Descriptions of four groups dedicated to investing in woman-owned companies.
Reasonable people have been disagreeing for years about whether female business owners have less access to capital because of their gender. True, the lion's share of venture capital goes to companies managed by men. But does that reflect bias or simply the fact that fewer women try to get it? The debate will undoubtedly rage on, but meanwhile the "supply side" is responding with new funds.
We can't say how big the trend will get or even whether all the groups will succeed in raising the capital they want. But if you're looking for money -- and you happen to be a woman -- here are some bases to touch: Capital Rose, Wayne, Pa., 215-687-1666. Founder Rebecca Maddox hopes to raise up to $40 million in the form of small contributions from women across the United States. Besides making equity investments, the group plans to make loans to companies that can't get financing. Rather than structuring the fund as a conventional limited partnership, she intends to organize it as a nonprofit organization, putting any gains into a trust fund for future investing. Maddox claims her fund "can do things differently," since her investors want to do something more meaningful than just get high rates of return. New Era Capital Partners, Los Angeles, 310-284-8868. Established by two veteran venture capitalists (both men) and a former entertainment-industry executive (a woman), this group aims to raise $50 million for investment in woman-owned companies in industries such as retailing, food products, and communications. For the most part, it will target expansion deals and buyouts, says general partner Raymond A. Doig.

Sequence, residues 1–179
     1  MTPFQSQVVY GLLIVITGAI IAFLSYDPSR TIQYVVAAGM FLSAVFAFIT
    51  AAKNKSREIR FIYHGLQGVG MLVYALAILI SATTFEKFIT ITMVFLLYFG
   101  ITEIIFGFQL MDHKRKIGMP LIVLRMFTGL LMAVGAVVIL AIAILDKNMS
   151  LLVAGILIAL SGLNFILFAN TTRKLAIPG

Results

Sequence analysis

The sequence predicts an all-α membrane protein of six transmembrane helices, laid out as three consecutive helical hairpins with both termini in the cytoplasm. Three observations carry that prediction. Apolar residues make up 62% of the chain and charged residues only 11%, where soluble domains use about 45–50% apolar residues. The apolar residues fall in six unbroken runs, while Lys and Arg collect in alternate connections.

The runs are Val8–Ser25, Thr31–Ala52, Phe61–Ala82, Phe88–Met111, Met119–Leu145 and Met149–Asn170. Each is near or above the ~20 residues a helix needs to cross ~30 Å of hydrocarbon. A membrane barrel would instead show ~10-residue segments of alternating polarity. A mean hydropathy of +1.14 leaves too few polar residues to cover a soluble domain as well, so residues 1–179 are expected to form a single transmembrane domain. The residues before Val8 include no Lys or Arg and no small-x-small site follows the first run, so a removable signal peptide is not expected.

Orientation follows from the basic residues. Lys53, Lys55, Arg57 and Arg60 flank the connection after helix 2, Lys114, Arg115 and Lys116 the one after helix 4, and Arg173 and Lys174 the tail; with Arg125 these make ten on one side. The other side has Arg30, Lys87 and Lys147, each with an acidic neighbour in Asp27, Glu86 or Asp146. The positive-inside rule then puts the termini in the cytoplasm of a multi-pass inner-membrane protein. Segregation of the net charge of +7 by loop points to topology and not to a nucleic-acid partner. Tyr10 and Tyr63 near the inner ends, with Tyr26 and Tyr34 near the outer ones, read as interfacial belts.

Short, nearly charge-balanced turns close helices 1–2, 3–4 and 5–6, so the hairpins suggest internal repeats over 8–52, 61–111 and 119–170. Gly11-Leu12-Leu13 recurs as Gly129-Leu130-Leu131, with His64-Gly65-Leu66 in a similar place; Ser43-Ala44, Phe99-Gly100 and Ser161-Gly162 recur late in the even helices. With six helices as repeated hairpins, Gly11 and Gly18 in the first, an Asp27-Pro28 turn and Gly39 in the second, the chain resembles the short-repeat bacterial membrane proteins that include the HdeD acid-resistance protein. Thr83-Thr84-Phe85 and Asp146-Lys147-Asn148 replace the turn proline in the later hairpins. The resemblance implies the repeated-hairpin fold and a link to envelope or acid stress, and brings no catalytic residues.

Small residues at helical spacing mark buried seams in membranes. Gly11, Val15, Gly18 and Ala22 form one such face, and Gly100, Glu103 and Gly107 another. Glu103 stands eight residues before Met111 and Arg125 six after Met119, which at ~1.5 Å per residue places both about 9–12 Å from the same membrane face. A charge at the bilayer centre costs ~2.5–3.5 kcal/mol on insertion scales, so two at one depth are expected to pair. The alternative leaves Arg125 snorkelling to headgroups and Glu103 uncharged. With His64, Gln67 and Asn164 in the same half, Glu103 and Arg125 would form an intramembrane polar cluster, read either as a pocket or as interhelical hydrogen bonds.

Women's Equity Fund, Boulder, Colo., 303-443-2620. In contrast with most venture-capital funds, which try to achieve high portfolio returns through risk-oriented investments of $1 million and up, this group expects to make smaller investments in less glitzy businesses -- sums of $10,000 to $100,000 in, for example, professional service businesses, specialized retailers, and light-manufacturing companies. Initially it will target companies in Colorado, says president Annette Taylor, a former banker. To augment its capital of $1 million, the fund recently signed an agreement with Norwest, a bank holding company, which will make loans of up to a total of $50 million to portfolio companies.
Prism Venture Partners, Chicago, 312-902-5347. This fund plans to do later-stage deals and buyouts of businesses owned by women and minorities, says general partner Jerrold Carrington.
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Woman entrepreneurs who aren't looking for equity right now but who do want a loan will find that a number of the nearly 100 "microlenders" designated by the Small Business Administration encourage woman-owned businesses to apply. For information, contact your SBA district office.